Selected writings of John M. Scudder.
No medicine, rather than one not indicated, was the teaching of the apostle of specific medication. So great was his faith in, the definite action of medicines that he believed only in administering that drug for which direct indications were known. He was extremely cautious In the recommendation or use of new medicines until by long experience their exact place in his definite system of prescribing had been found. Rash prescribing he considered one of the greatest of medical evils.—Ed. Gleaner.
SELECTION OF THE REMEDY.—As I grow older I want more evidence that the right remedy is being given, and I have a greater distrust of the wrong medicine. Medicine works good or ill. It is rarely that innocent thing that does neither, however simple it may be. It is well to have a medical conscience, like the old "theological conscience" that is ever alert to tell of wrong-doing. It may not be pleasant for the doctor, but it is certainly good for the sick. As these are camp-meeting times, I might phrase it in this way: "Oh for a medical conscience that would smite the careless, those who run in old ruts who do not think; let them be smitten hip and thigh like the Amalekites."
I want to be reasonably certain of my remedy. Once in a while it will do to know "that it has proven serviceable in this disease" heretofore. It is well to know that others "have used it with advantage." I want to know of myself "that there are symptoms in the case pointing to this individual remedy." These should be satisfactory, but at once the mind takes up the physiological problem, and will have it explained why the remedy will prove curative.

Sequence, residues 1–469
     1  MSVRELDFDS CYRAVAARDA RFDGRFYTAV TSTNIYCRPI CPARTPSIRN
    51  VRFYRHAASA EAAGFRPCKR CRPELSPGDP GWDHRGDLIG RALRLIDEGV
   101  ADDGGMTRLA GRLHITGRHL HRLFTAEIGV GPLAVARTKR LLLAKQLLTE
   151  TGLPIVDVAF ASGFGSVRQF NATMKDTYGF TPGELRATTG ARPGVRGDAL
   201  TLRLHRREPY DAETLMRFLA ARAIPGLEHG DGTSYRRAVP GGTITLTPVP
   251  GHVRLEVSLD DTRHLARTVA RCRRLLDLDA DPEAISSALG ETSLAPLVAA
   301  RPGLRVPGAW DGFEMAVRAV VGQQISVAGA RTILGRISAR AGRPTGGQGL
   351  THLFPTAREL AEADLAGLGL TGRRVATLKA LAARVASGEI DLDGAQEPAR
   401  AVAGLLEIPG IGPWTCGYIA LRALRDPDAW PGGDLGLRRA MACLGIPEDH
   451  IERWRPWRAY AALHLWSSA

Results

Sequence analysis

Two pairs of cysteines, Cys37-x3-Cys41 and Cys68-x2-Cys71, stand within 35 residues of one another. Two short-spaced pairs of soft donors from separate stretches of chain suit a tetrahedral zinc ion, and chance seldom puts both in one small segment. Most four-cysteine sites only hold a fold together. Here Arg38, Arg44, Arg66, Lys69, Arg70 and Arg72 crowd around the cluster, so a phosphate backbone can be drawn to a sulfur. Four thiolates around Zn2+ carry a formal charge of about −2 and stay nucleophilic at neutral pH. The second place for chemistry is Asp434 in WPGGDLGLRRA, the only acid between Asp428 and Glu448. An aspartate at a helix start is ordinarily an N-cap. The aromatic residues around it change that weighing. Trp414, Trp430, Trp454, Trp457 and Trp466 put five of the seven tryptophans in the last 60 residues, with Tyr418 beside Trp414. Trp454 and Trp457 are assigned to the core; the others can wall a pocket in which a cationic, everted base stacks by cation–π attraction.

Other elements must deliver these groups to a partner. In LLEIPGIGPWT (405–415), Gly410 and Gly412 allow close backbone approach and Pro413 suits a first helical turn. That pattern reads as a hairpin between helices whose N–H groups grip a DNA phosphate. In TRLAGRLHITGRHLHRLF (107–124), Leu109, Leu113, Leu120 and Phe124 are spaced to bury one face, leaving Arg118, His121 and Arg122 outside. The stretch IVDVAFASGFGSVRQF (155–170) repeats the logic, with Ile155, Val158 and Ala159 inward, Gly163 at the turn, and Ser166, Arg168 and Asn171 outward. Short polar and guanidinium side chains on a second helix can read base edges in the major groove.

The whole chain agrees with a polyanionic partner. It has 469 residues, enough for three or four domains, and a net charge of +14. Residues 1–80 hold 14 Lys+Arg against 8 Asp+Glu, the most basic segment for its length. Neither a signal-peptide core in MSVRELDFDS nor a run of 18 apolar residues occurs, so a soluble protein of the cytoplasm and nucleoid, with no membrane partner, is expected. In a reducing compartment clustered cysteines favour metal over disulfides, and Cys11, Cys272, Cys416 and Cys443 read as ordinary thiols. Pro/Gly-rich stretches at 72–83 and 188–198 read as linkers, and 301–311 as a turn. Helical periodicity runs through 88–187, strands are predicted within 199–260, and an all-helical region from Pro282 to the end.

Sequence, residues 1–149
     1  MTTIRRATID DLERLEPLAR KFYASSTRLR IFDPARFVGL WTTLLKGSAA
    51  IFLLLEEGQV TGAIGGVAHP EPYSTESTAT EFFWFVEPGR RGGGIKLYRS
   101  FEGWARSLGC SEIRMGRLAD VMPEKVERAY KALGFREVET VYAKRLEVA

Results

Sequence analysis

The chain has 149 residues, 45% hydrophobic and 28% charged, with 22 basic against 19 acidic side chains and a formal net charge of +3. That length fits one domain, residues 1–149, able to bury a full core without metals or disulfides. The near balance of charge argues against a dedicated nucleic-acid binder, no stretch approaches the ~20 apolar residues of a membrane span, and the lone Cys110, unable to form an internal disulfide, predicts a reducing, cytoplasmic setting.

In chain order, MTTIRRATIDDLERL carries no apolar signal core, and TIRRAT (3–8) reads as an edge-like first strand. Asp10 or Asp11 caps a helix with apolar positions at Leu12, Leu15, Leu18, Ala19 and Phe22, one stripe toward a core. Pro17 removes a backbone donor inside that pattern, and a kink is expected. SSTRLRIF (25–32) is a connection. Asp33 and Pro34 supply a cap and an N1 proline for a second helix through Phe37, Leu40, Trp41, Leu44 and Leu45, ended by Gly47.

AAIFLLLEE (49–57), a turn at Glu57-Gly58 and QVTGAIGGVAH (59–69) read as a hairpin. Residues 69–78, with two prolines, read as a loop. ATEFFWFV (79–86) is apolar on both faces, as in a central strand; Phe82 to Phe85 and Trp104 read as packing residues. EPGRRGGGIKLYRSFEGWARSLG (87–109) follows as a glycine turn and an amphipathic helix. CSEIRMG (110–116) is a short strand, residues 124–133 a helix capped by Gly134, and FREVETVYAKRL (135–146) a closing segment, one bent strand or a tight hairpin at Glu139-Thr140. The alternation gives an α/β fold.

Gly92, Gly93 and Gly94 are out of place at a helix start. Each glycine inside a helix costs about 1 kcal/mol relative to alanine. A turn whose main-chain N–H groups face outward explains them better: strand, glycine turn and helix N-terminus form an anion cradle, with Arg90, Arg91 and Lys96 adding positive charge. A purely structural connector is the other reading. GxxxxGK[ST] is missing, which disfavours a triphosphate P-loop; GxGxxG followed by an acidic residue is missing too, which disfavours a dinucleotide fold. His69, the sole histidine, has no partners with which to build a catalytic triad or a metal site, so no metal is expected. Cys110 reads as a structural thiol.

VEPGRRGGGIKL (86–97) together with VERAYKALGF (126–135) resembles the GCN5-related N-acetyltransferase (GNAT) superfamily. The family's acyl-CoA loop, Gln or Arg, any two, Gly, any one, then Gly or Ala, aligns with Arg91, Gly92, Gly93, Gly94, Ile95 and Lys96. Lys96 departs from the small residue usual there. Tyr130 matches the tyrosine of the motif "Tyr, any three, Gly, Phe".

I can no more stop this mental process than I could stop Niagara; the reasoning goes on whether I will or no. The process may be bad, the facts incomplete, knowledge imperfect, but nevertheless I will be influenced by the result. I suspect others have a like experience, either under this influence of the will or unconsciously.
With reference to new remedies I find this reasoning as to the "why they should be of use to the sick and why dangerous," so certain and so imperative that I can not resist the conclusion, and do not try the drugs. Take the case of arsenite of copper, of which we have recently had such strong recommendation. I do not give it. Many of the coal-tar products come in the same list, and in the doses and for the purposes named, I can not give them. The use of bichloride of mercury as an antiseptic, and especially its use as an infra-uterine injection, was forbidden by my medical conscience.
I think the physician should keep his mental apparatus well under the influence of his will, yet still not neglect the results of its automatic action. In the selection of the remedy I want to know if the symptoms point to it, in other words, if it is the "indicated remedy." I want next to know if the action of the remedy is opposed to the diseased action, and looks towards healthy function—if the tendency is to strengthen life rather than the reverse. Of course this supposes a knowledge of the pathological condition, the morbid activities, and nature's method of restoration to health. If now we have the additional knowledge that it has been successfully used in such cases, our medical conscience can be fairly well satisfied.—SCUDDER, Eclectic Medical Journal, 1890.
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"In disease there is always impairment of life, therefore remedies should always conserve the life and increase the patient's power to resist disease and regain his normal condition."—Scudder's Materia Medica, p. 34.
The Biographies of King, Howe, and Scudder, 1912, was written by Harvey Wickes Felter, M. D.